"The most shamed of us have to renew our commitment to self-worth many times before it feels comfortable"

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Episode 26 -- July 13, 2020

Healing the Wounds of Shame: Human, not Perfect

The following is an excerpt from Letting Go of Shame by Ronald and Patricia Potter-Efron. It has been edited for brevity.

It is not enough simply to understand our shame. Shame is a messenger, telling us that something is wrong in our lives that we must change. We need to pay attention to that message and then take action that will help us live a more meaningful life.

The goal is to develop dignity and healthy pride by taking away shame's power over us. We need to refuse to let shame control what we do, how we feel, and what we think. The message that challenges excessive shame will be different for each of us, but its general form is this: I respect and appreciate the shame inside me, even though it often brings me pain. I know that shame is part of me. But I also am a person who has a right to feel good about myself. I have value as a human being. I deserve to be treated with respect, honor, and dignity by people around me and by myself. I will no longer live a life centered on my shame.

Don't expect the shamed part of you to stand up and cheer when you deliver this challenge. Be prepared to spend many hours in animated discussion as your shameful self tries to convince you that you deserve to feel ashamed. The most shamed of us have to renew our commitment to self-worth many times before it feels comfortable. Remember, the goal is not to eradicate your shame, but to return that shame to its rightful place as a "citizen" rather than as "king" or "queen" of your life.

To return shame to its rightful place, Set Positive Goals Based on Humanity, Humility, Autonomy, and Competence.

The times we feel moderate shame help us discover or rediscover important truths about life. Four principles are especially significant in this process: humanity, humility, autonomy, and competence. We might feel damaged in one or more of these areas. We may have even suffered long-term wounds in all four.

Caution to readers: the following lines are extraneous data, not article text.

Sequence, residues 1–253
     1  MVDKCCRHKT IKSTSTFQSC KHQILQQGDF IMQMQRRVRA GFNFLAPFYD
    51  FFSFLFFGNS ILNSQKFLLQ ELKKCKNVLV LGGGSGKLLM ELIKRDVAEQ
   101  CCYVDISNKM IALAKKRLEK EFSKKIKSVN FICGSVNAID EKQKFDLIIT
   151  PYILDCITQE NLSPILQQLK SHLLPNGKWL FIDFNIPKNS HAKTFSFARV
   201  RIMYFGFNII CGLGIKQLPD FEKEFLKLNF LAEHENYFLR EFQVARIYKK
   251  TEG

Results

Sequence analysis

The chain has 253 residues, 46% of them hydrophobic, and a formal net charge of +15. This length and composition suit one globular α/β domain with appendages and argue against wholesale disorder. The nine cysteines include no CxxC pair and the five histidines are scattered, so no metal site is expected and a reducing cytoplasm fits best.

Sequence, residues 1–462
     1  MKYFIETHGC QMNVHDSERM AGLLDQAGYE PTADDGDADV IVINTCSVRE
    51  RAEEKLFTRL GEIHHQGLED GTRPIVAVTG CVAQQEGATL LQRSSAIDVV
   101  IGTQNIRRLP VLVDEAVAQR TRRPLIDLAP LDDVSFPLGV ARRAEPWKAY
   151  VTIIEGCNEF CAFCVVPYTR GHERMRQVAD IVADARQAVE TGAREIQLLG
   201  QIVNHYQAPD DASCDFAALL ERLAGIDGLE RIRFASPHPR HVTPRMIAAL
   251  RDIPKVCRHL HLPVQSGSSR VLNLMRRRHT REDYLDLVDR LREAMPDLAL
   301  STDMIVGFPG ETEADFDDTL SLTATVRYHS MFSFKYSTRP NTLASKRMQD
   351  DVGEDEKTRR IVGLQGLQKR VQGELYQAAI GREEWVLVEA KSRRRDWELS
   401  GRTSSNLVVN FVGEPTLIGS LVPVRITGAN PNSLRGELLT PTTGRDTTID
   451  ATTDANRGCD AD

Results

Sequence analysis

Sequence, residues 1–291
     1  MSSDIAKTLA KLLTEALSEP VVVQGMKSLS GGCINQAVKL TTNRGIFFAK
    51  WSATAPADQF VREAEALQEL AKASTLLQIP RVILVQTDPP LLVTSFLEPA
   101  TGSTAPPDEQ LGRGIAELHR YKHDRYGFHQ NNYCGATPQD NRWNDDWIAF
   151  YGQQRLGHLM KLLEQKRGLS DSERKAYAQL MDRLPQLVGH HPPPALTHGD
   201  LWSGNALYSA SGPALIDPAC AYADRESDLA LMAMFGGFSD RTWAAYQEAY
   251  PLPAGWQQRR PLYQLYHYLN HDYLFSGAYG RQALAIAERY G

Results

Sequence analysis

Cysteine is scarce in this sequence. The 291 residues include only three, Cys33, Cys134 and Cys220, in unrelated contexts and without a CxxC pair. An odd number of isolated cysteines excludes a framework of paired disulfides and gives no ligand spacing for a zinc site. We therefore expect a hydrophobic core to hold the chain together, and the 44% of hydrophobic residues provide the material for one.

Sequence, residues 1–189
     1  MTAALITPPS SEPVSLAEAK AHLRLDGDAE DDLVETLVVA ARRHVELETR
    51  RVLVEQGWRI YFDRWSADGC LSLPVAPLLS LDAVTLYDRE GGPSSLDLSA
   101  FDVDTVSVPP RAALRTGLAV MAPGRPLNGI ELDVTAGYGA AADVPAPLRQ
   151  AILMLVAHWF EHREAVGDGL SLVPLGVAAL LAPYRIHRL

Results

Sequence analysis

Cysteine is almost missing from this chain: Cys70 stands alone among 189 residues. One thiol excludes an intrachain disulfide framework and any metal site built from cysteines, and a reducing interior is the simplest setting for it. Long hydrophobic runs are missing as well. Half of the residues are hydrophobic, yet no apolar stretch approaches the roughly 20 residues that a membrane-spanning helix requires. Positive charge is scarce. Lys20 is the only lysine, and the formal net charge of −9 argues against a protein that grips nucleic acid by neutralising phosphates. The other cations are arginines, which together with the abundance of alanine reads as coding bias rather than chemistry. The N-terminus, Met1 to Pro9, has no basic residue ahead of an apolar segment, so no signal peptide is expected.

Let's look at the The Principle of Humanity first.

This principle is simple and clear: Everyone belongs to the human race. There are no exceptions. There are no examinations to pass, no duties to accomplish, no possible way to be disqualified. All people are human, and no amount of shame can take that away.

Our goal is to find our way back to the human community. We need to convert the longing to be accepted and loved into positive action. We have to take the responsibility of moving toward others instead of retreating from them. We may have to remind ourselves many times that we have the inherent right to be human.

A person's sense of belonging will increase when they can move towards others who validate and appreciate their humanity. We may want to begin this process of reconciliation slowly. It is fine to start by approaching relatively safe persons or groups (such as self-help communities like Alcoholics Anonymous).

We may need to approach ourselves in the same manner--gradually and patiently. We need to quit condemning ourselves and discover that we are worth loving. We can become our own friend once we accept ourselves as fully human. We may also want to develop, or renew, a relationship with a spiritual Higher Power to reaffirm the meaning of our lives in the overall plan.

We will know that we are living by the principle of humanity when we can say to others we feel close to: "I am having some uncomfortable feelings. Could we talk about them?"

Next, let's consider The Principle of Humility.

This principle states that all human beings are equal--no person is better or worse that another. If we have difficulties in this area, we usually feel either inferior or superior to others. We are seeing life on a vertical scale where we constantly compete to be better than others, while fearing that we will fail badly. But then we feel contemptible when we are shamed, and we may try to fight that off by being contemptuous of others. This way, life is a shame contest in which everybody is damaged.

We are not saying that all people are alike of that every action has identical value. Certainly, some persons are blessed with greater physical talents, intelligence, or beauty. But these differences do not make anyone better than anyone else. We can act on this principle by declining invitations to feel inferior or superior to others, and by accepting opportunities that increase equality of spirit in our relationships.